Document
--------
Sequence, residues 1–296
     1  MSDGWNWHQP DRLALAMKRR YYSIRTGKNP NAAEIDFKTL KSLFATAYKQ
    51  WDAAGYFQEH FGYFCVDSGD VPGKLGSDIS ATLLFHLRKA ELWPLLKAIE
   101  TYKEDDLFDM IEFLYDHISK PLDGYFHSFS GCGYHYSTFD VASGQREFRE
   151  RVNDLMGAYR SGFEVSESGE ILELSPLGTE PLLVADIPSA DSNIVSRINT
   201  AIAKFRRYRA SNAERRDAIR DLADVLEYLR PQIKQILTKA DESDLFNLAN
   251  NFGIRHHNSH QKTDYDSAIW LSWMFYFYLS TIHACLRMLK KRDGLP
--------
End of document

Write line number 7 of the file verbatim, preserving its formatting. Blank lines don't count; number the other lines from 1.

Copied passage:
   251  NFGIRHHNSH QKTDYDSAIW LSWMFYFYLS TIHACLRMLK KRDGLP